Leszek Olejnik, The Press of Polish Socialist Party in Łódź in years 1899-1948

   The article presents the history of the Polish Socialist Party press (polish abbrev. PPS) in years 1899-1948 in Łódź. It begins with a short episode connected with publishing by Józef Piłsudski a central organ of PPS – “Robotnik” (“Workman”) in this city. Since 1900 r. there was established a periodical called “Łodzianin”, which was fi rstly issued abroad. Then the printing-house was transferred to Łódź during revolution in 1905. In years 1905- 1907 the socialists from Łódź published, apart from “Łodzianin”, also “Der Deutsche Arbeiter in Polen” – a magazine for German workers. After scission in PPS (November 1906) fi rstly both fractions published periodicals with the same title – “Łodzianin”. In years 1908-1915 there was a break in publishing this magazine but it was reissued during The First World War. After reclamation of independence by Poland in March 1919, “Łodzianin” was issued legally. From the end of 1920 till May 1921 a central organ of PPS became a newspaper and was issued as “Dziennik Robotniczy” (“Journal of Workers”), but then it was issued with former title. “Łodzianin” was reissued (with break in years 1933-1936) till the beginning of Second World War. During the last years before Second World War “Łodzianin” was a mutation of central newspaper of PPS – “Robotnik”. In that time a redactor of the newspaper was Henryk Wachowicz.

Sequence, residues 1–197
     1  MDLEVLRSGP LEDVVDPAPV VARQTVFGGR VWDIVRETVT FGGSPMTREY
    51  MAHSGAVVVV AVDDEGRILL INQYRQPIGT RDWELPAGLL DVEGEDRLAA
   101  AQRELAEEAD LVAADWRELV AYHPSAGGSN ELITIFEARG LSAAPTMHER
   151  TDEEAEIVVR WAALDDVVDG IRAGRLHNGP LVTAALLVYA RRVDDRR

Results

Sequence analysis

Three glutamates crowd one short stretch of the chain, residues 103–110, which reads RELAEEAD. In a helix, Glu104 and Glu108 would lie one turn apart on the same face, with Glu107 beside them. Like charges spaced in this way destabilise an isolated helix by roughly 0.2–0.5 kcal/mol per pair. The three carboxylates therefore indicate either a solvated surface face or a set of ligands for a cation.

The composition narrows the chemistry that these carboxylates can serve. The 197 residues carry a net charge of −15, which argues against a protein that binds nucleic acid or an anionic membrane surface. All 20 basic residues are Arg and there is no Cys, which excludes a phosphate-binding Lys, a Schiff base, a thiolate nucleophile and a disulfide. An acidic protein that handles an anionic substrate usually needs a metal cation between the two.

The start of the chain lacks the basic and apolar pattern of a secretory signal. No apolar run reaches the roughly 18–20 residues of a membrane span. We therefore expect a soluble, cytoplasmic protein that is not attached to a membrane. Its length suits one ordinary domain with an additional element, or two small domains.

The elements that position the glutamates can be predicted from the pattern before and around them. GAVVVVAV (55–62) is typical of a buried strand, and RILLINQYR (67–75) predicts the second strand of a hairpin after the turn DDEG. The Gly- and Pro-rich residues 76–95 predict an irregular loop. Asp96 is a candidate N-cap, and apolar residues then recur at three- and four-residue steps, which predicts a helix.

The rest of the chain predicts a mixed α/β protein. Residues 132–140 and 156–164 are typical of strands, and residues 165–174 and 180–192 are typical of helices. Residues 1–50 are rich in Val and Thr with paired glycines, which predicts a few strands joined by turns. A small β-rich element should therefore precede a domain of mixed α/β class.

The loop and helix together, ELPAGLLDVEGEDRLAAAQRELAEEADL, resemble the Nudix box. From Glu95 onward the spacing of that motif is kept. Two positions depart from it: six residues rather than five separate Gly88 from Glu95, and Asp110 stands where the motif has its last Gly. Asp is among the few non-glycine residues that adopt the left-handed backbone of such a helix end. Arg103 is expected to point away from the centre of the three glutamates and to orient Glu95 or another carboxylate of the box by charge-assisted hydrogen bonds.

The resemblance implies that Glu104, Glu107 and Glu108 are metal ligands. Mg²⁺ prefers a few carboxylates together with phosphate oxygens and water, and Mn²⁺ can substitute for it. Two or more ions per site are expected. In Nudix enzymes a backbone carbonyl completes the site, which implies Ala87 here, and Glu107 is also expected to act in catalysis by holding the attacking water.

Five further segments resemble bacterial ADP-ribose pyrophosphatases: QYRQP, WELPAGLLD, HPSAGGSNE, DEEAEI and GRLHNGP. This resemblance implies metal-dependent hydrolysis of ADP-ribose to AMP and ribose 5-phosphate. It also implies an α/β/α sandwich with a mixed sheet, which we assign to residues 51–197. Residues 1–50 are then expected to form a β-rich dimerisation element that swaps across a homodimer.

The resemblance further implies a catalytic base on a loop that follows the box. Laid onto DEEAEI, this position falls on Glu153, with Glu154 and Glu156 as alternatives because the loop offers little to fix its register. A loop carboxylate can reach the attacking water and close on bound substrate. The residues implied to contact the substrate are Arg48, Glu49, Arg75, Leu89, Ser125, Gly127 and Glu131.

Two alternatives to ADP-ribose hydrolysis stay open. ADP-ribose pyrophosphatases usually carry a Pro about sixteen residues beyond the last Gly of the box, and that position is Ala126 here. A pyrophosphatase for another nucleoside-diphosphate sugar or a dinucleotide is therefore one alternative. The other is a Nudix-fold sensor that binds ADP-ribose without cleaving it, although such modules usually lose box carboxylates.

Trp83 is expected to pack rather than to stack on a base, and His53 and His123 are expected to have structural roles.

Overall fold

After 1939 the socialists of Lodz were able to publish a few conspiracy newspapers such as “Kuźnia”, “Na barykadzie”, “Polska podziemna”, “Walka Ludu” etc.
   From February till December 1945 in Lodz there was published a central organ of PPS – “Robotnik”, edited by Jan Dąbrowski. Then, in the end of September that year there was established a local periodical “Pobudka” (published weekly) and in autumn, a local newspaper called “Kurier Popularny, edited by Artur Karaczewski. In that newspaper in summer 1946 there was publicized series of articles of PPS leader – H. Wachowicz. That series had title “Listy do przyjaciela z PPR (“Letters to friend from PPR”) and the author criticized cooperation of both workers’ parties – PPR and PPS. After the union of those parties in December 1948, “Kurier Popularny” was not issued anymore.
   Then the party which was established in Lodz 1987 with the same name, connected to publishing traditions of PPS from the period before 1945. Till the decay of 1989, a periodical „Robotnik Łódzki PPS” was issued. The last press title of PPS in Lodz was “Łodzianin” issued only once in May 1990.

   Włodzimierz Kozłowski, The Commanders of the 28th Kaniów Regiment (Łódź) 1918-1939. The Attempt to Characteristic

   In November 1918 Poland regained her independence after 123 years of slavery. During the years 1918-1921 the fights for new Polish borders took place. In the period 1921-1939 the state was divided into 10 Military Districts with IV Military District (Łódź) among them. Three infantry divisions were located in this region. One of them was the 10th Infantry Division with headquartes in Łódź.